The Jewel Tower was built within the Palace of Westminster between 1365 and 1366, on the instructions of King Edward III, to hold his personal treasure. Edward had broadly three types of treasure: his ceremonial regalia, which was usually kept at the Tower of London or held by the Abbot of Westminster; the jewellery and plate belonging to the Crown, which was kept by the Royal Treasurer at Westminster Abbey; and his personal collection of jewels and plate. English monarchs during this period used their personal jewels and plate as a substitute for cash, drawing on them to fund their military campaigns, or giving them as symbolic political gifts. Edward accumulated what historian Jenny Stratford has described as a "vast store of jewels and plate", and his collection of personal treasure was at its greatest during the 1360s. Edward had managed this last category of personal treasure through an organisation called the Privy Wardrobe. The Keeper of the Privy Wardrobe was responsible for guarding and recording the king's belongings, and dispatching particular items around the kingdom, potentially giving them as gifts to the monarch's family and friends. The Privy Wardrobe was initially based in the Tower of London in Edward's reign and became focused on handling the supplies for his campaigns in France. This probably encouraged the King to decide to build a new tower in Westminster to host a separate branch of the Privy Wardrobe specifically to manage his personal jewels and plate. In practice, this branch also managed the clothes, vestments and similar goods belonging to the royal household – effectively, the non-military parts of the King's property.


The Jewel Tower was designed and built by Henry de Yevele, a prominent royal architect, supported by a team of masons he commissioned for both this project and a neighbouring piece of work to build a new clock tower nearby. Hugh Herland was taken on as the chief carpenter for both projects. The payments for the project were recorded on a 8-foot-6-inch (2.59 m) long parchment roll, which is now held in the Public Record Office. Stone was brought in for the two towers: 98 boat-loads of rough stone and 13,782 feet (4,201 m) of dressed stone from Maidstone; 469 cart-loads from Reigate; 26 long tons (26 t) from Devon and 16 long tons (16 t) from Normandy. Timber was brought from Surrey, red floor tiles from Flanders and 97 square feet (9.0 m2) of glass purchased for the Jewel Tower alone. A contractor was employed to fix iron grilles to the windows, and 18 locks were purchased to secure the various doors. A main workforce of 19 stonemasons, up to 10 carpenters and other specialised tradesmen worked on the site, and in July 1366, a team of 23 labourers dug out the new moat over the course of a month. The tower was constructed in the secluded south-west corner of the Palace of Westminster, overlooking the King's garden in the Privy Palace, the most private part of Westminster. The tower was positioned so as not to encroach on the existing palace, but this meant it was built on top of land owned by the neighbouring Westminster Abbey. It took six years for the Abbey to convince the King to agree to compensate for them for this annexation. William Usshborne, one of Edward's officials, was blamed for this and, when he later choked to death while eating a fish from a pond in the palace, the monks argued that this was divine justice for his role in the affair.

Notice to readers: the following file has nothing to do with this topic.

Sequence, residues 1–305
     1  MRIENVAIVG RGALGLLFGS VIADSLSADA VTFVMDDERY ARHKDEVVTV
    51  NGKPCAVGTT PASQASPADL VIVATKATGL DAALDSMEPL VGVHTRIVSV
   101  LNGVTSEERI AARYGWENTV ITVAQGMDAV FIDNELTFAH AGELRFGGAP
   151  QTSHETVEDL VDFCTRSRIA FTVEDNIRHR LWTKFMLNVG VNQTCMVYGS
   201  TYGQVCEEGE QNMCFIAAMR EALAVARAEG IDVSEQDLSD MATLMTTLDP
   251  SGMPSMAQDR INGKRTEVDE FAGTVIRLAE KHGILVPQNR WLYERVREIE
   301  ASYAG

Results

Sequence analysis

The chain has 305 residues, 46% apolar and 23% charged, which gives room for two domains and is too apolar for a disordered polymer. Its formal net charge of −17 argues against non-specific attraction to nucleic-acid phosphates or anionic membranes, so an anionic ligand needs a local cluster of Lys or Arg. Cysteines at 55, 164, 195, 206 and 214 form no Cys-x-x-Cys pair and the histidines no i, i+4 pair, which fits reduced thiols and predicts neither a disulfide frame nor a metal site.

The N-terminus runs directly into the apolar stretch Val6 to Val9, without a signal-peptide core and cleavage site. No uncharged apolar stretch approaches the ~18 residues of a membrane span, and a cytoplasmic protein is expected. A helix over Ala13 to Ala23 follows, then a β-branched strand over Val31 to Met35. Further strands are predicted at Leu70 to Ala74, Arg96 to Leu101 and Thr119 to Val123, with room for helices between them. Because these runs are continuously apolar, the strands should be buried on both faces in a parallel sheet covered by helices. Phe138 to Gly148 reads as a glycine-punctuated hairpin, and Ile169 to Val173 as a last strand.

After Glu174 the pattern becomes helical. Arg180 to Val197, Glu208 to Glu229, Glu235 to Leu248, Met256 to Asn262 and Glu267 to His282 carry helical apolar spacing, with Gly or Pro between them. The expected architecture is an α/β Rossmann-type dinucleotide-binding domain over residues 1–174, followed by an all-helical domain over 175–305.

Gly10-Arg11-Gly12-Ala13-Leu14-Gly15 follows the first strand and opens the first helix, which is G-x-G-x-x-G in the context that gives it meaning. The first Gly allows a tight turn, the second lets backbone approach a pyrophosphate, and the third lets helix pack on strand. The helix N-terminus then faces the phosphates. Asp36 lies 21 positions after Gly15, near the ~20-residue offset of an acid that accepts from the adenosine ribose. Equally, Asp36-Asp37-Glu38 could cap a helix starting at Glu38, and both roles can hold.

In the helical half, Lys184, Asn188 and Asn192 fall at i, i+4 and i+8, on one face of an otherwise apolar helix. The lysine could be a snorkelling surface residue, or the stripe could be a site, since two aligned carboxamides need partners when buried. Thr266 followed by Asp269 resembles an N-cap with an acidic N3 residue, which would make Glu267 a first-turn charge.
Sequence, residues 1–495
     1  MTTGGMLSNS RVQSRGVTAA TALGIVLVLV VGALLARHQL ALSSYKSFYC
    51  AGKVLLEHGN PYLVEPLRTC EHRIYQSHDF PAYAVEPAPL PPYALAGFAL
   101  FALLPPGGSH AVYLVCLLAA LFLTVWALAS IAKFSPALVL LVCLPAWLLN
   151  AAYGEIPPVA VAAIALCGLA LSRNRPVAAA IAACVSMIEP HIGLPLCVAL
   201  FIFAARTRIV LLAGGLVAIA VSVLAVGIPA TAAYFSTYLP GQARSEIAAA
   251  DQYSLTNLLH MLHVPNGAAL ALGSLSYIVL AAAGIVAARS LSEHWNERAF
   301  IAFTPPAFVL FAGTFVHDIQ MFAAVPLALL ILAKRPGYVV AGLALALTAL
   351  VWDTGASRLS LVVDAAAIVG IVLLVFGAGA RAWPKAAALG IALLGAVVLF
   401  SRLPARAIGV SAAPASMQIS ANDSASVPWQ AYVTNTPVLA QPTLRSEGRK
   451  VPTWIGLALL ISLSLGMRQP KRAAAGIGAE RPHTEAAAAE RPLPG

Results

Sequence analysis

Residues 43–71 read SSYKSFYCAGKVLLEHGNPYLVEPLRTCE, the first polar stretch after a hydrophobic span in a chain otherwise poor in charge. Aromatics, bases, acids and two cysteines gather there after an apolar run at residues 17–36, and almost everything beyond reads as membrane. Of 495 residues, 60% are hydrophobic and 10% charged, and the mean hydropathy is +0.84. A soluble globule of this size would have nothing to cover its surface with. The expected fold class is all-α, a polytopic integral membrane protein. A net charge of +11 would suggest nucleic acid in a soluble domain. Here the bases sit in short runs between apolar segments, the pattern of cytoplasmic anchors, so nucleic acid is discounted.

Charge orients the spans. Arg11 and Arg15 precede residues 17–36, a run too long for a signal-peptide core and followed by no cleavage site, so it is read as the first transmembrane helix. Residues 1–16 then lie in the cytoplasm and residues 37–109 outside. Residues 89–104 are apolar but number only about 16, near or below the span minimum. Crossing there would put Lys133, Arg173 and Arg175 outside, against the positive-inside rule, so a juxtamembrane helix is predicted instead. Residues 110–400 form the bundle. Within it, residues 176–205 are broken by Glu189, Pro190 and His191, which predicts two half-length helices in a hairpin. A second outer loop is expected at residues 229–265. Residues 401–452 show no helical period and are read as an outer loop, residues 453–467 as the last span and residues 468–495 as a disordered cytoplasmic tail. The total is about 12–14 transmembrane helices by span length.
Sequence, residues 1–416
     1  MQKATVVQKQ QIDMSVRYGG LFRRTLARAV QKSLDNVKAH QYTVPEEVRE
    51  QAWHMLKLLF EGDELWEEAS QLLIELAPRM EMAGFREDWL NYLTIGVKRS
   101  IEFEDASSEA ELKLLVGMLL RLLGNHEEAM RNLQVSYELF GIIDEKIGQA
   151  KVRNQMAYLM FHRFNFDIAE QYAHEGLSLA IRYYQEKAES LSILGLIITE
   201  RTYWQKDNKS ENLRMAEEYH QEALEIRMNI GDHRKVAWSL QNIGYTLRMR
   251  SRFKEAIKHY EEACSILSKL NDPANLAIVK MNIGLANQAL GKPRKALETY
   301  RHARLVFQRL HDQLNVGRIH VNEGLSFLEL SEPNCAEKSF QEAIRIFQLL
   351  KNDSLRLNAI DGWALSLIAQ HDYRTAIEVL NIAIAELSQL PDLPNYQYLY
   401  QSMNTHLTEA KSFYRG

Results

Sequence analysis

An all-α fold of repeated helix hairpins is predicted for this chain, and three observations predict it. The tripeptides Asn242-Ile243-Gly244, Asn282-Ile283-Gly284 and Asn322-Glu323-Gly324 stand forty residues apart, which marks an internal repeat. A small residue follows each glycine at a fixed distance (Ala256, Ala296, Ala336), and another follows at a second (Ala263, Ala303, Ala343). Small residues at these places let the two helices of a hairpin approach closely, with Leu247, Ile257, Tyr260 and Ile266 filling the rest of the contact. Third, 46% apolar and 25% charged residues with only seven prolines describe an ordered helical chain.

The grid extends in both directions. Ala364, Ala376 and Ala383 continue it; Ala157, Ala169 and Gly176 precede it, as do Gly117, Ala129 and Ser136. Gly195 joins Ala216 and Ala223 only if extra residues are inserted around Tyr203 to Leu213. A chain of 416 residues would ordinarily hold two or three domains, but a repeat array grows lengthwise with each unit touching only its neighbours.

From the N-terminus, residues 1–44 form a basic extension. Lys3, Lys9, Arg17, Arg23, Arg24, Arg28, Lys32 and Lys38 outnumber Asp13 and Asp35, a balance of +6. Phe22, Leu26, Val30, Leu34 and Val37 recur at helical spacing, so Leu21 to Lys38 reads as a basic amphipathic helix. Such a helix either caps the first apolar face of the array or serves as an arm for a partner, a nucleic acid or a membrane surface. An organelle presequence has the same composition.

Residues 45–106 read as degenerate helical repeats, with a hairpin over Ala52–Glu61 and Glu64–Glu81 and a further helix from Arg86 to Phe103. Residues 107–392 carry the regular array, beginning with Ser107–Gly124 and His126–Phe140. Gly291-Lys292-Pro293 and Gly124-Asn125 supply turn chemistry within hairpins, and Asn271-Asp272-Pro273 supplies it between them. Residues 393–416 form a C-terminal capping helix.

A fire swept through Westminster in 1834, destroying most of the old palace, but the Jewel Tower, which was separated from the main fire and was positioned away from the prevailing wind, survived, along with its store of records from the House of Lords. Westminster was rebuilt, and in 1864 substantial changes were made at the tower: the Parliamentary records in the tower were moved to a fire-proof storage facility at the new Victoria Tower; 6–7 Old Palace Yard ceased to be used by the clerk as a house, and the kitchen in the ground floor of the tower was closed. Around this time, the tower began to be called the Jewel Tower once again, partially in the incorrect belief that it had held the Crown Jewels during the medieval period. Today it is all that is left of the Palace of Westminster. There is a bonded gravel slope for wheelchair access at the side gate, and a portable ramp available for the front door due to a small step (although this is rarely required). The coffee shop and gift shop are both fully accessible, however the second floor exhibition can only be reached by climbing a narrow spiral staircase. Due to the lack of facilities it is advised that mobility or visually impaired visitors view the Jewel Tower as an adjunct to a visit to the Houses of Parliament.


Location : Abingdon St, Westminster SW1P 3JX

Transport: Westminster (Circle, District, Jubilee Lines). London Buses routes 3, 87, 148 and 211 stop nearby.

Opening Times: Saturday, Sunday 10:00 to 18:00.

After March 31st Summer opening to be annouced

Tickets : Adults £4.70   Children £2.80.

Concessions £4.20

Tel: 020 7222 2219